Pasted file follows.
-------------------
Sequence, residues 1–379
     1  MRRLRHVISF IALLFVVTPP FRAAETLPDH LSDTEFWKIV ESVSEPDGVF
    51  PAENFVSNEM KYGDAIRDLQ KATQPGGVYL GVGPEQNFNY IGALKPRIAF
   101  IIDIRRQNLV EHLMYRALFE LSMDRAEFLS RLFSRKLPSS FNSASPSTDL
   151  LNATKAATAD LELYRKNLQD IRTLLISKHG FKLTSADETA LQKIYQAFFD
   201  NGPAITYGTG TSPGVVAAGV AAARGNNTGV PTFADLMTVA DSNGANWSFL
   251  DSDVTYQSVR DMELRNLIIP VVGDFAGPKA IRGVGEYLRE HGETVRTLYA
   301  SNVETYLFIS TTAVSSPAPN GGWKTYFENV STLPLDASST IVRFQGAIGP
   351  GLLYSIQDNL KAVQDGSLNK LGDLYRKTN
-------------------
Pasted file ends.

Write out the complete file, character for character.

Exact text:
Sequence, residues 1–379
     1  MRRLRHVISF IALLFVVTPP FRAAETLPDH LSDTEFWKIV ESVSEPDGVF
    51  PAENFVSNEM KYGDAIRDLQ KATQPGGVYL GVGPEQNFNY IGALKPRIAF
   101  IIDIRRQNLV EHLMYRALFE LSMDRAEFLS RLFSRKLPSS FNSASPSTDL
   151  LNATKAATAD LELYRKNLQD IRTLLISKHG FKLTSADETA LQKIYQAFFD
   201  NGPAITYGTG TSPGVVAAGV AAARGNNTGV PTFADLMTVA DSNGANWSFL
   251  DSDVTYQSVR DMELRNLIIP VVGDFAGPKA IRGVGEYLRE HGETVRTLYA
   301  SNVETYLFIS TTAVSSPAPN GGWKTYFENV STLPLDASST IVRFQGAIGP
   351  GLLYSIQDNL KAVQDGSLNK LGDLYRKTN